Physical Therapy Can Help You Find the Relief You Have Been Seeking
Chronic back pain is typically defined as a pain that lasts for three months or longer. This type of pain may have developed for a variety of reasons, including spinal arthritis, aging, disc problems, or myofascial pain syndrome.
With spinal arthritis, a slow thinning of the cartilage inside the spine can result in pain. A herniated or bulging disc can also result in discomfort if it is compressing on the nerve. With spinal stenosis, it may result in a narrowing of the spine, which can also lead to nerve pain. Myofascial pain syndrome is another common condition that can cause muscle tenderness and pain.
Chronic pain doesn’t have to be part of your daily life! Whatever the cause of your chronic back pain, we can help. Contact Pittman Physical Therapy today to learn more.
How can passive physical therapy treatments help me manage my pain?
A physical therapist can use multiple passive modalities to help reduce your chronic pain. Ice and heat therapy may be used to increase blood flow, reduce inflammation, and ease pain.
Ultrasound is another common passive modality used by physical therapists that uses deep-heated sound waves to penetrate the soft tissues. Not only does this method work to relieve pain, it also aids in healing of the affected area.
A physical therapist may also prescribe a transcutaneous electrical nerve stimulation (TENS) unit. This unit helps to overcome the painful signals sent to the brain, in order to relieve pain in the long-term.
Finally, deep tissue massage is another common passive physical therapy method for chronic pain. This manual method increases oxygen and nutrients in the affected areas for healing and also helps to reduce muscle spasms and stiffness.
According to the NCBI, “In chronic low back without serious pathology, recommended primary conservative physical treatment preferences include exercise, yoga, biofeedback, progressive relaxation, massage, manual therapy, physical therapy and interdisciplinary rehabilitation. A recent literature review with meta-analysis in patients with chronic lower back pain found moderate- to high-quality evidence that McKenzie exercises in physical therapy were superior to other rehabilitation interventions in reducing pain and disability.”
How can active physical therapy treatments help me manage my pain?
If your chronic pain is caused by spinal stenosis or a bulging disc, a physical therapist may prescribe a repeated movement treatment plan, in order to reduce numbness, pain, or weakness.
Progressive movement exercises such as McKenzie exercises may also be included in your physical therapy program to treat a wide range conditions that may be causing your chronic pain.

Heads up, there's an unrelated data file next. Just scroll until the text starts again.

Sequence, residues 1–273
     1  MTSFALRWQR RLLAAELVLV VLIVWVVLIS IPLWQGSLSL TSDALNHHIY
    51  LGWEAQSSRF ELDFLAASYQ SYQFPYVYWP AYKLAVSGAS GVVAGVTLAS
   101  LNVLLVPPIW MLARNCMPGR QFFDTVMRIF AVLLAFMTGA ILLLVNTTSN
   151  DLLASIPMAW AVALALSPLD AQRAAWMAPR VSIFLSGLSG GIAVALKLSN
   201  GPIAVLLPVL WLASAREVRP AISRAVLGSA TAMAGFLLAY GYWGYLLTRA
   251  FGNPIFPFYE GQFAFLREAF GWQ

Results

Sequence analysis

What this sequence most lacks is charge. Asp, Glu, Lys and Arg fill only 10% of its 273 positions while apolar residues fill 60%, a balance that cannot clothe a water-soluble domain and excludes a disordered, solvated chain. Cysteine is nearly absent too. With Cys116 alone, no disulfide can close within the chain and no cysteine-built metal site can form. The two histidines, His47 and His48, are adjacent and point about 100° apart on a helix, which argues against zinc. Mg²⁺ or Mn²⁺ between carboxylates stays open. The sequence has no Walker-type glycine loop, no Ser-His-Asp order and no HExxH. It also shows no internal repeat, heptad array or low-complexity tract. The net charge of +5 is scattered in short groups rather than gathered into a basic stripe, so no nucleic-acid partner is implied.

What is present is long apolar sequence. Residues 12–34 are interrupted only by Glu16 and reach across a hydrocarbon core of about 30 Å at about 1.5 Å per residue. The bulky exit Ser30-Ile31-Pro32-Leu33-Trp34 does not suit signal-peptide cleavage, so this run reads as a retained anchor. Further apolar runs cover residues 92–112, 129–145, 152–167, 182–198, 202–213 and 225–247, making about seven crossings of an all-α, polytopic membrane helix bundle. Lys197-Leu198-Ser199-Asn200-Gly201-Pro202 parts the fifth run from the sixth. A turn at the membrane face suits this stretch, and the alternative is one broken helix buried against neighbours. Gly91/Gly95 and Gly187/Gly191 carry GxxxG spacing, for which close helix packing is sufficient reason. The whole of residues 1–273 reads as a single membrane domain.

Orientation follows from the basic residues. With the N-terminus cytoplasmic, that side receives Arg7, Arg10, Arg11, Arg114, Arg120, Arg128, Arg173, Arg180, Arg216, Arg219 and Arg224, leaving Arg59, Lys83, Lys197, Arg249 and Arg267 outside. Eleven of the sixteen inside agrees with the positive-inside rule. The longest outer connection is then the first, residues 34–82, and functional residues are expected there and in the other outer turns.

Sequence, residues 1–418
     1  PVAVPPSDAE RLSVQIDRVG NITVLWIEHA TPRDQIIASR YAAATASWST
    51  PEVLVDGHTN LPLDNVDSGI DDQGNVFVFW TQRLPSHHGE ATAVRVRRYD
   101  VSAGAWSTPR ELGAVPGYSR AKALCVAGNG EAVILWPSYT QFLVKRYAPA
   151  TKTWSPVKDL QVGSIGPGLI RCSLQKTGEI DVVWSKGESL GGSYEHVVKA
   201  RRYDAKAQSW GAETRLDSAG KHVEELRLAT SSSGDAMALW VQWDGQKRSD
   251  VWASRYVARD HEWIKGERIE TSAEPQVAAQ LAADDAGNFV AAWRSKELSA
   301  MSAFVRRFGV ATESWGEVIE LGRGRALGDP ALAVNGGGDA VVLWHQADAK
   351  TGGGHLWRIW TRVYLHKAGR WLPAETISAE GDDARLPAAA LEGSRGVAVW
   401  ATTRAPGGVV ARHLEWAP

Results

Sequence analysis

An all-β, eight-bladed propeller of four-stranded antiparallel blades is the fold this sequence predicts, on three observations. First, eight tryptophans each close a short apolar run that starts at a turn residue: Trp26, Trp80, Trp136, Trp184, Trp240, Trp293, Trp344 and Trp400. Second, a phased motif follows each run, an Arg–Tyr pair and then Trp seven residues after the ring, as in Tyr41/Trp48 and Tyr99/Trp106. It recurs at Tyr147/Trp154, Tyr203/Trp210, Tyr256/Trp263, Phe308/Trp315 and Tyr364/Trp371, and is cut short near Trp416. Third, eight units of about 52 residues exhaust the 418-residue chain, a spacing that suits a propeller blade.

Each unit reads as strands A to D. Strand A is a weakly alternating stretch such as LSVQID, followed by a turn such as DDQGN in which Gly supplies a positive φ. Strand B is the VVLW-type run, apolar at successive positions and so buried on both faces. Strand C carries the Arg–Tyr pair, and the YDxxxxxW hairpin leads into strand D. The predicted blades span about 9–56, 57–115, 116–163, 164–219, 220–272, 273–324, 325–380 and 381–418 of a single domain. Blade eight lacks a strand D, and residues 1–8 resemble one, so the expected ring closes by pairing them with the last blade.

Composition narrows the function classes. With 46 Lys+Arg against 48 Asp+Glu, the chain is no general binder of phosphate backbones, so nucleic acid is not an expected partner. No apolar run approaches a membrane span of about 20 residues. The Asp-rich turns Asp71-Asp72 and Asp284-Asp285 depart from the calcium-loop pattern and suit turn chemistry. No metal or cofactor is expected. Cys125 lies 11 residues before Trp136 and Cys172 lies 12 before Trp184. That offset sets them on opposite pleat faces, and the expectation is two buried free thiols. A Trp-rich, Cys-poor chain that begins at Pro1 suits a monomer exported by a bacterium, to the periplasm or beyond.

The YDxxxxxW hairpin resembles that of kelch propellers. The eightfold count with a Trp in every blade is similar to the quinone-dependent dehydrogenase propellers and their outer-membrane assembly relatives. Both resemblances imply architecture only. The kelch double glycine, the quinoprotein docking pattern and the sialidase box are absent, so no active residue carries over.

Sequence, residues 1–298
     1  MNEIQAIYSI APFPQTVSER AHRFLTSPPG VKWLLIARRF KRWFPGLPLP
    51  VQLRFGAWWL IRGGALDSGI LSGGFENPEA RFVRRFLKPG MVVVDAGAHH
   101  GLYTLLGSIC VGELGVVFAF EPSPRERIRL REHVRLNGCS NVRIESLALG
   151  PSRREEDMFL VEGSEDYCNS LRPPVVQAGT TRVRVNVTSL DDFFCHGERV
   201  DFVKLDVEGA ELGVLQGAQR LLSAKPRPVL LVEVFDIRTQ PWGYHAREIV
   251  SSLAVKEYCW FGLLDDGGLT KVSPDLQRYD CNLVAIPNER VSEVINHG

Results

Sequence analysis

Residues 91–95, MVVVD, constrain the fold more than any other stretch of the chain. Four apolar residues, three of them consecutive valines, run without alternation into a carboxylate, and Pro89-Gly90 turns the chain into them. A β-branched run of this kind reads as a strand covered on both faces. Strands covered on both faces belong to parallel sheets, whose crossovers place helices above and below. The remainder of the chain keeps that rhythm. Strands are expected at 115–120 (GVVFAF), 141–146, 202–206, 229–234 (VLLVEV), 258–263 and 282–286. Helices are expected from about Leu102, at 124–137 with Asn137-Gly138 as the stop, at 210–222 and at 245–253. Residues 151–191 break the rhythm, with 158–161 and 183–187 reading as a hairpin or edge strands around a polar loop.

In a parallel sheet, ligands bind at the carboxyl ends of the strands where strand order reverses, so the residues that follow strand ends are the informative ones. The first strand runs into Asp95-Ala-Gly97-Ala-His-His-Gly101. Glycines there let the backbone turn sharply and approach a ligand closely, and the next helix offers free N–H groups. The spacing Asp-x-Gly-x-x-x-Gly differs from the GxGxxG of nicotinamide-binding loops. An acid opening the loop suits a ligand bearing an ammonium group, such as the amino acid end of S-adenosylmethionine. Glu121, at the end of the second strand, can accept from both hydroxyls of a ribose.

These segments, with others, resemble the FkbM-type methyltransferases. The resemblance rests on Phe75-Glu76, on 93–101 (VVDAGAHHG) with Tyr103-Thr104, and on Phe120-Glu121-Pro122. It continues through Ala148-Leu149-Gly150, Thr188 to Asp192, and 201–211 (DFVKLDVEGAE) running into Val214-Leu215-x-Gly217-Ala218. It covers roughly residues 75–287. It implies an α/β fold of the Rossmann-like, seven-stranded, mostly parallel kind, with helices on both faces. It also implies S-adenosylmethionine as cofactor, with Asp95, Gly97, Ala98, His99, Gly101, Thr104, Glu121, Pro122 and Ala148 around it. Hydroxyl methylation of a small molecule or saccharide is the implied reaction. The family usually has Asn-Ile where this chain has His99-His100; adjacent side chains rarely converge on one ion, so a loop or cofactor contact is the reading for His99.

Stabilization exercises to retrain deep muscle movement and strength may also be included. Your physical therapist will show you how to use the right spinal and abdominal muscles before starting any exercises, in order to stabilize the spine.
Manipulation is another technique for alleviating chronic back pain. With manipulation techniques, short and rapid thrusting movements are performed over the joint to reduce pain and increase mobility.
So, why am I experiencing chronic pain?
As stated by the National Institute of Neurological Disorders and Stroke,
“While acute pain is a normal sensation triggered in the nervous system to alert you to possible injury and the need to take care of yourself, chronic pain is different. Chronic pain persists. Pain signals keep firing in the nervous system for weeks, months, even years.
There may have been an initial mishap — sprained back, serious infection, or there may be an ongoing cause of pain — arthritis, cancer, ear infection, but some people suffer chronic pain in the absence of any past injury or evidence of body damage. Many chronic pain conditions affect older adults.
Common chronic pain complaints include headache, low back pain, cancer pain, arthritis pain, neurogenic pain (pain resulting from damage to the peripheral nerves or to the central nervous system itself), psychogenic pain (pain not due to past disease or injury or any visible sign of damage inside or outside the nervous system).
A person may have two or more coexisting chronic pain conditions. Such conditions can include chronic fatigue syndrome, endometriosis, fibromyalgia, inflammatory bowel disease, interstitial cystitis, temporomandibular joint dysfunction, and vulvodynia. It is not known whether these disorders share a common cause.”
Ready to find relief for those persistent aches and pains?
If you have been living with chronic pain, it’s time to take action. Schedule a consultation today to begin the first steps of your physical therapy assessment. Your physical therapist will work with your doctor to develop a personalized treatment plan for your specific condition.
With both active and passive treatment methods, you will be on the road to pain reduction in no time! At the end of the road, you’re going to be able to engage in your regular activities without the persistent nagging feelings of pain.